Privacy groups applauded the new rules, which they said brought the United States more in line with European nations that have moved aggressively to protect their citizens’ online privacy.
“For the first time, the public will be guaranteed that when they use broadband to connect to the internet, whether on a mobile device or personal computer, they will have the ability to decide whether and how much of their information can be gathered,” said Jeffrey Chester, executive director of the Center for Digital Democracy.
The outcry from industries that depend on online user data was also swift. Cable lobbying groups called the rules a result of “regulatory opportunism,” while the Association of National Advertisers labeled the regulations “unprecedented, misguided, counterproductive, and potentially extremely harmful.”
Even with the new rules, online privacy remains tricky. Many people have been lackadaisical about what information they give up online when they register for websites or digital services. The convenience of free services like maps also appeals to people, even though they give companies access to personal information. And some people unknowingly forgo their privacy when allowing apps or other services to track their location or follow their browsing across websites.
The F.C.C. rules also have their limits. Online ad juggernauts, including Google, Facebook and other web companies, are not subject to the new regulations. The F.C.C. does not have jurisdiction over web companies. Those companies are instead required to follow general consumer protection rules enforced by the Federal Trade Commission. That means Google does not have to explicitly ask people permission first to gather web browsing habits, for example.
AT&T, Verizon and Comcast will also still be able to gather consumers’ digital data, though not as easily as before. The F.C.C. rules apply only to their broadband businesses. That would mean data from the habits of AT&T’s wireless and home broadband customers would be subject to the regulations, but not data about AT&T’s DirecTV users or users of the HBO Now app, which would come with the merger with Time Warner, for example.
The companies also have other ways to collect information about people, including the purchase of data from brokers.
AT&T, which has criticized the privacy regulations for internet service providers, would not comment on how the rules would affect its proposed purchase of Time Warner. But it emphasized the benefits of ads that allow for free and cheaper web services.
“At the end of the day, consumers desire services which shift costs away from them and toward advertisers,” said Robert W. Quinn Jr., AT&T’s senior executive vice president for external and legislative affairs. “We will look at the specifics of today’s action, but it would appear on its face to inhibit that shift of lower costs for consumers by imposing a different set of rules on” internet service providers.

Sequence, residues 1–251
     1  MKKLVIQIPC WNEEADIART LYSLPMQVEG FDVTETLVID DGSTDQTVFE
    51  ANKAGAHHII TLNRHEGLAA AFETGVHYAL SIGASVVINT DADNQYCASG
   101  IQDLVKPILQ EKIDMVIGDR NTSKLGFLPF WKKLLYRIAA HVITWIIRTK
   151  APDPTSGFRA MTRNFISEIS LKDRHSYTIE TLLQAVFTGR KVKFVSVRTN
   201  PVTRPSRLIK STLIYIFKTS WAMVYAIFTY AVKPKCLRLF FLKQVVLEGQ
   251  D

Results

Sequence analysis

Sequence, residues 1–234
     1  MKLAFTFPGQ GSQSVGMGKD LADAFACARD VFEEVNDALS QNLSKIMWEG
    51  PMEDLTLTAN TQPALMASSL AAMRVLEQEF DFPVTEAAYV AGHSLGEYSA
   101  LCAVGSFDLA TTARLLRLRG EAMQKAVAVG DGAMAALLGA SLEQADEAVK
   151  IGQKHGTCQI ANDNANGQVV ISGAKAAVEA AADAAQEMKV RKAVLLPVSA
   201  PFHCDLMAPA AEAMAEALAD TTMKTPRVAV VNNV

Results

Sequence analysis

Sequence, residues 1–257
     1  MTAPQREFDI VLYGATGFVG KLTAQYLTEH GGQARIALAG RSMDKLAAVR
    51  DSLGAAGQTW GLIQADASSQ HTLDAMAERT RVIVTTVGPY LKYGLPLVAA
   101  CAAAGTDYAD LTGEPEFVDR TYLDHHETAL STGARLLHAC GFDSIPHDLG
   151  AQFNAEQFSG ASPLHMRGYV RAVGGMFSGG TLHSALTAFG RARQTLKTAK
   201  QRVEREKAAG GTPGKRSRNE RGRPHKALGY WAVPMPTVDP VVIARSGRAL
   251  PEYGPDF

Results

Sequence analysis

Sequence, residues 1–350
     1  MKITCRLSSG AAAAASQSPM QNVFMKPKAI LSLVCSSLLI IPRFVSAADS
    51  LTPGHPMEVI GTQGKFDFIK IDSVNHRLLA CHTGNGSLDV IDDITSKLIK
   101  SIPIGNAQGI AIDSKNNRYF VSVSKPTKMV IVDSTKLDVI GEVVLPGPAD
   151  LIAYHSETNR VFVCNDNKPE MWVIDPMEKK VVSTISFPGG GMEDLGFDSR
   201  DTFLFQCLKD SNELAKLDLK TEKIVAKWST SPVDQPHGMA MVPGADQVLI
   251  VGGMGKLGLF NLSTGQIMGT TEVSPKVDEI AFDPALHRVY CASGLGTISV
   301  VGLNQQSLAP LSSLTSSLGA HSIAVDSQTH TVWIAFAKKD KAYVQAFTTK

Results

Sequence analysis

Comcast said that the rules were not needed and that the F.C.C. did not prove that broadband providers were hurting consumers.
For over two decades, internet service providers “and all other internet companies have operated under the F.T.C.’s privacy regime and, during that time, the internet thrived; consumer privacy was protected,” said David L. Cohen, Comcast’s senior executive vice president.
Major broadband providers will have about one year to make the changes required by the new rules; the companies must notify users of their new privacy options in ways like email or dialogue boxes on websites. After the rules are in effect, broadband providers will immediately stop collecting what the F.C.C. deems sensitive data, including Social Security numbers and health data, unless a customer gives permission.
The new rules are among a set of last-ditch moves by Mr. Wheeler to make the F.C.C. a stronger watchdog over the broadband industry. Since he was appointed F.C.C. chairman in 2013, he has tried to open the cable box market in an effort to promote streaming videos, among other actions. Mr. Wheeler is entering what are probably the last few months of his tenure at the agency, as he is not expected to be reappointed by whoever becomes the next president.
The F.C.C. proposed the broadband privacy rules in March. That followed the reclassification of broadband last year into a utilitylike service, a move that required broadband to have privacy rules similar to those imposed on phone companies.
Once the rules were proposed, the F.C.C. immediately faced a backlash. Cable and telecom companies created a lobbying group called the 21st Century Privacy Coalition to fight off the regulations. The group is led by Washington heavyweights like Jon Leibowitz, the former chairman of the F.T.C., and former Representative Mary Bono, Republican of California. Henry A. Waxman, former chairman of the House Energy & Commerce Committee and a Democrat, was also hired by the 21st Century Privacy Coalition and wrote an op-ed article in The Hill to protest the rules.
Even some web companies protested the proposed rules. Google said in comments filed to the F.C.C. this month that the regulations should not include web browsing, because that does not necessarily include sensitive personal information.
“Consumers benefit from responsible online advertising, individualized content, and product improvements based on browsing information,” wrote Austin Schlick, Google’s director of communications law.
In the end, the objections had little effect on the F.C.C.
“Hopefully, this is the end of what has been the race to the bottom for online privacy, and hopefully the beginning of a race to the top,” said Harold Feld, senior vice president at Public Knowledge, a nonprofit public interest group.